Boys Will Be Boys?
Duck athletes are not getting the message
By ANDREW SKINNERLOPATA
Athletes are role models and heroes. Kids grow up wanting to be the quarterback, the running back or place-kicker who makes the game-winning play; the guard who makes the clutch three-pointer or the power forward who dunks over his opponent. The impact of sports culture can be measured not only in the multi-billion dollar sports market but also in the attitudes and norms that children and adults learn from their sports heroes.
In the past month, no fewer than six UO football players have been suspected of, or charged with, various crimes, including two key players charged with crimes of violence against women. The responses to these incidents by UO head football coach Chip Kelly and UO Athletic Director Mike Bellotti can be summarized as follows: If a player is a vital part of the team and is charged with a violent crime against a woman, there will be no “rush to judgment,” and he will face no disciplinary action. If a player is not as vital to the team and does so much as publicly criticize the coach, he will be summarily suspended or dismissed. Kelly admitted as much when explaining why he suspended Kiko Alonso for his DUII arrest but has not disciplined LaMichael James, who was charged with five violent crimes: “In every single case, I look at the case itself and make the best determination. It’s ‘What are we doing for the student-athlete,’ and ‘What am I doing to my team?’”
What message does this send? First, that the athletes and the team are all that matters — there is no mention of how this all affects the school or the community, let alone the victims. Second, that male violence against women is acceptable. Third, the bigger star you are, the more you can get away with. Finally, that the athletes really make the rules and that the coaches just try to do damage control. Essentially the message is: we have done everything we can (“sit-downs” and “life-skills classes”), but — you know — boys will be boys.
In my law practice, I often represent clients in abusive situations. I see the toll that domestic violence takes on women and their children. I want my children to grow up in a society where male violence against women is not legally, morally or socially acceptable. As producers of heroes and role models, the UO athletic leadership needs to do more to see that their players live the truth that violence against women is unacceptable.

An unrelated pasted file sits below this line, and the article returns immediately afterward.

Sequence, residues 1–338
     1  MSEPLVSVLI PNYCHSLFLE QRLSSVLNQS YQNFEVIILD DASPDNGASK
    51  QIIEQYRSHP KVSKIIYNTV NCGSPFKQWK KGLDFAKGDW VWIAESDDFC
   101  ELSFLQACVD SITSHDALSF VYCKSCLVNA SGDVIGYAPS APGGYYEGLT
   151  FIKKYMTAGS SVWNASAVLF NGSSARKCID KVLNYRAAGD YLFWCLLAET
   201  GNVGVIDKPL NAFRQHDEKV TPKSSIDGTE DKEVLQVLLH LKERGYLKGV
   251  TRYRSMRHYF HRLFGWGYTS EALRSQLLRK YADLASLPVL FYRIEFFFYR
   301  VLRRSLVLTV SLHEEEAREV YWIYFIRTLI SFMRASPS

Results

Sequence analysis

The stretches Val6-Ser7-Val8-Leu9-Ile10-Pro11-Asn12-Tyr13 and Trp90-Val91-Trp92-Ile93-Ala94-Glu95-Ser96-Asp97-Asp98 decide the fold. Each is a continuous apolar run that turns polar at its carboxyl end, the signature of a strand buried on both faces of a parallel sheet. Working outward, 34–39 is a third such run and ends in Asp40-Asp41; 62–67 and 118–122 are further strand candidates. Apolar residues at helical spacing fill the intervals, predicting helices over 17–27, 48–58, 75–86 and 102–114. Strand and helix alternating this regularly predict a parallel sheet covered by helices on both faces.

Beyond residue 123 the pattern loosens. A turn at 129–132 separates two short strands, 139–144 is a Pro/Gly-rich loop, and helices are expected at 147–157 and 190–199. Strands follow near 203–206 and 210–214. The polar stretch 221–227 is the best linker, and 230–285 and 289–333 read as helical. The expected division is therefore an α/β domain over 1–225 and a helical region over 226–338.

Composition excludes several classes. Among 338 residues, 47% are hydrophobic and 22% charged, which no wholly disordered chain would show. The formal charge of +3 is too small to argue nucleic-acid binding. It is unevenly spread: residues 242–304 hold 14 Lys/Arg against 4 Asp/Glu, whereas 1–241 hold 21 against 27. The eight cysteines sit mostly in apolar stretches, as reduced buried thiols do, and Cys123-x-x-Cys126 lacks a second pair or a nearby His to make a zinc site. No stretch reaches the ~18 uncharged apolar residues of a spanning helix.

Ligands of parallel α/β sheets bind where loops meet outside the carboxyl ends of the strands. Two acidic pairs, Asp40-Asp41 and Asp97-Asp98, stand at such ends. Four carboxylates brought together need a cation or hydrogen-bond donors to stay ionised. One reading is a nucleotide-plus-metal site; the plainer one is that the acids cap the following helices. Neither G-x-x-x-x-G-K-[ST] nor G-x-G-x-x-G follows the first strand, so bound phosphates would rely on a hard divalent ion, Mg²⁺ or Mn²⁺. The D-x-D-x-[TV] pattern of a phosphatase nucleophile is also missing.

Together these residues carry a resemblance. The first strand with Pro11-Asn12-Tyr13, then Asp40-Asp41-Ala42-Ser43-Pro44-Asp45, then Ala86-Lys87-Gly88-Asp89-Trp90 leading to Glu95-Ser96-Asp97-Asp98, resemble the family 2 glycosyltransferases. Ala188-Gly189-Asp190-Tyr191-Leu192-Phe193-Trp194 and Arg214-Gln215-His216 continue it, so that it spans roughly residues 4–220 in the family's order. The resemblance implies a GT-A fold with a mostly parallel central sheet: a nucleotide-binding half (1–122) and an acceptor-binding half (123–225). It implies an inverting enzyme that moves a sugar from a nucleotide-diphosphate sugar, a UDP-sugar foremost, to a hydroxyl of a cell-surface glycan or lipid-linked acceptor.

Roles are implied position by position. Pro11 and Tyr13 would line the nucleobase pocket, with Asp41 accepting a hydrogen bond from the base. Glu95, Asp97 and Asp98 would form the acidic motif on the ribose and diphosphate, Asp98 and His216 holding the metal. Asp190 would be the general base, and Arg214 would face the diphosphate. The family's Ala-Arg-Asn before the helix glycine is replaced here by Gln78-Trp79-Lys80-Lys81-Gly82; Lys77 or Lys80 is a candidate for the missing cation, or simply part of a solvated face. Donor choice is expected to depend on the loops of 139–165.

Beyond the obvious step of eliminating the disciplinary double-standard (which others have already advocated), the athletic leadership needs to be more proactive. On Feb. 3, before many of the headline-making incidents, Jackson Katz, Ph.D., gave a presentation on the UO campus entitled “More Than A Few Good Men: Why Some Men Hurt Women and How All Men Can Help.” Katz discussed the program he co-founded, Mentors in Violence Prevention (MVP), which is the leading gender violence prevention initiative in professional and college athletics (see www.sportinsociety.org/mvp for more information). Although every UO coach was invited, not one attended.
Fortunately, it is not too late for the UO to show that it takes this issue seriously by making MVP training mandatory for every athlete. This program could be a large part of the solution to the off-field violent behavior of its football players. Many will dismiss this program as sensitivity training that will not work if the athletes resist it. I have two answers to that: First, the program works. Here is one testimonial about its effectiveness:
MVP staff have “hit a homerun” when it comes to delivering the message that violence against women is unacceptable. MVP presenters articulate their message in a way that many student-athletes have not heard, whether it be through reflexive thought or active participation, they have unequivocally gotten our student-athletes’ attention. At Michigan State University, we are confident that the MVP program has made a difference in the lives of our student-athletes. — Jim Pignataro, associate AD, MSU
Second, nothing else seems to be working. Should the athletic director and the football coach be judged and rewarded based solely on the football team’s on-field performance, or should they be accountable for the broader affects the team has on the community and society? UO alum, UO students, Ducks fans and the rest of our community should demand real leadership — leadership that makes it clear that violence against women is unacceptable.
Andrew SkinnerLopata is a UO law alum and practices family law in Eugene.